The Supreme Court took action on three cases directly affecting LGBTQ+ rights, and now the term is over. One of the rulings may well turn out to be a watershed moment in trans rights, while the other two suggest that the court has reached a stalemate on the scope of religious exemptions to LGBTQ+ non-discrimination laws. While this stalemate lasts, we need to keep fighting both in court and in legislatures to protect non-discrimination laws from being pock-marked with exceptions that could render them meaningless.
Respect for transgender people
The Supreme Court decided not to take up the school district’s appeal in Gloucester County School Board v. Gavin Grimm, in which a federal appeals court ruled that a Virginia school district violated federal civil rights law when it barred transgender students from using the restroom that matches their gender.
While that’s not a ruling on the merits of the issue, it leaves in place not only the lower court’s trans-affirming ruling in Gavin Grimm’s case, but also similar rulings by two other federal appeals courts. That means that school districts throughout the 11 states covered by those appeals courts must now respect a student’s gender and allow them to use restrooms and locker rooms that match their gender. That’s a huge deal. And since there is no federal appellate law going the other way, school districts in other parts of the country should do the same thing.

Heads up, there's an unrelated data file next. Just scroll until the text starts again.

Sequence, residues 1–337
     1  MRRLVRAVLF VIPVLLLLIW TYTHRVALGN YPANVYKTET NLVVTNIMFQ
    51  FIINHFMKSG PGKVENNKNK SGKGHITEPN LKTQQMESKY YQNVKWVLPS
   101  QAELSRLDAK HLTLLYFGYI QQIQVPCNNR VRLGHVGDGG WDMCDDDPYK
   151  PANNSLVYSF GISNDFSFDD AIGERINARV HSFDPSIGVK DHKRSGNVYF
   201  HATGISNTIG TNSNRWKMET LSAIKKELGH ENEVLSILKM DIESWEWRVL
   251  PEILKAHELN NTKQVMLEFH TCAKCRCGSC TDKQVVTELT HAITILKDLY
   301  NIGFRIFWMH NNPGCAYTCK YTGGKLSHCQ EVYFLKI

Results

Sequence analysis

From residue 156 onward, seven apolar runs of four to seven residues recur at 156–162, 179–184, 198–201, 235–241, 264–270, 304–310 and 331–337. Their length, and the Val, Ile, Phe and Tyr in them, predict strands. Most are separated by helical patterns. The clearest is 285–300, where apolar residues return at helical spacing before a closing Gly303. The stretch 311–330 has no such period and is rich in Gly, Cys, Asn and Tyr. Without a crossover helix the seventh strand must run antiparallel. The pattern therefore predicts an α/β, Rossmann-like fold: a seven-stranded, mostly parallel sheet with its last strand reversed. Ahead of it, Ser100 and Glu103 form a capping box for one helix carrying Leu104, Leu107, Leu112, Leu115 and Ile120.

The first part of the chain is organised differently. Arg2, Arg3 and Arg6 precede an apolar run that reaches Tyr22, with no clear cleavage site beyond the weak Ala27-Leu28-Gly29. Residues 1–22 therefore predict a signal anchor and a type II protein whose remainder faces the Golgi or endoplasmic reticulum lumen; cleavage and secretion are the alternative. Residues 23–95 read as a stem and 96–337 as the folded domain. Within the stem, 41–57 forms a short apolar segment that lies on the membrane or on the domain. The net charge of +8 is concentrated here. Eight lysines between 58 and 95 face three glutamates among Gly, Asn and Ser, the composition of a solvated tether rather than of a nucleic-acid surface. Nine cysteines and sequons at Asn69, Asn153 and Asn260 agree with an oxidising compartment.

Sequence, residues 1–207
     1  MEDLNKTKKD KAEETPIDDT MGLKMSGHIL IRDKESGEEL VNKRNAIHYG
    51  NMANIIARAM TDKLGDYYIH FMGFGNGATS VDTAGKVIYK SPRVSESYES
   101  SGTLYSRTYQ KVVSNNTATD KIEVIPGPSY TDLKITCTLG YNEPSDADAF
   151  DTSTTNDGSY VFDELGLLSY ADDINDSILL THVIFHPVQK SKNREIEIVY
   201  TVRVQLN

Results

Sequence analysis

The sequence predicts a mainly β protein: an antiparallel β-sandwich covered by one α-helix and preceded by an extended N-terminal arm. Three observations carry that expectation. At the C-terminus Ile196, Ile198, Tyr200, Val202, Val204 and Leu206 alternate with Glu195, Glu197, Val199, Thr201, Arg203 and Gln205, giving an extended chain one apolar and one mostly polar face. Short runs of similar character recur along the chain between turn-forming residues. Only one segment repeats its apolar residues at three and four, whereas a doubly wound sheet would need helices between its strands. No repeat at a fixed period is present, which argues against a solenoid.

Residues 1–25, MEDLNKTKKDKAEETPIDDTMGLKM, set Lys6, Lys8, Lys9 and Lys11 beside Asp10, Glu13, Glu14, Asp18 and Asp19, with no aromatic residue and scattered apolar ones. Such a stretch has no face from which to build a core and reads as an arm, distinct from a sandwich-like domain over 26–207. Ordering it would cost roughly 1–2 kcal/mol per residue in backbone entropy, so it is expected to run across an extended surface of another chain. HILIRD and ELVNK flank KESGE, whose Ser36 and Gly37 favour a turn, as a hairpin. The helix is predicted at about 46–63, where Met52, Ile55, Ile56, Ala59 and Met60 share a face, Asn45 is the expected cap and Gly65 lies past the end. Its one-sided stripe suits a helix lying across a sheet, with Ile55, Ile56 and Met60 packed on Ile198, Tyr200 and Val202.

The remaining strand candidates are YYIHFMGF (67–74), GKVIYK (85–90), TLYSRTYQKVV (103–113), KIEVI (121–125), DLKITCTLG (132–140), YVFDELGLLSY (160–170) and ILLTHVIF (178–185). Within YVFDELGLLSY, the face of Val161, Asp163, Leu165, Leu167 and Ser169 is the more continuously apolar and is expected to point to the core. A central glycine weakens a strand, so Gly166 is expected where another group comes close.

Indeed, Gavin’s case is the third time in three years that the Supreme Court has declined to take up cases involving disputes over whether trans students could use restrooms that match who they are. The fact that SCOTUS left those rulings alone, too, is more evidence that the court is letting a trans-affirming reality take hold. And since Gavin’s case started seven years ago, we’ve seen that a majority of our country is ready for this reality.
The denial of review in Gavin’s case reminds me of another moment when the Supreme Court refused to take up an LGBTQ+ civil rights issue and that ruling had significant on-the-ground consequences. In October 2014, the court denied review in five cases where lower courts had all ruled that same-sex couples had a right to marry. That order didn’t decide the marriage question for the country, but it meant that same-sex couples were suddenly able to marry in 12 new states, making it that much more difficult for the court to rule against the freedom to marry down the road. This could be a similar moment for trans rights.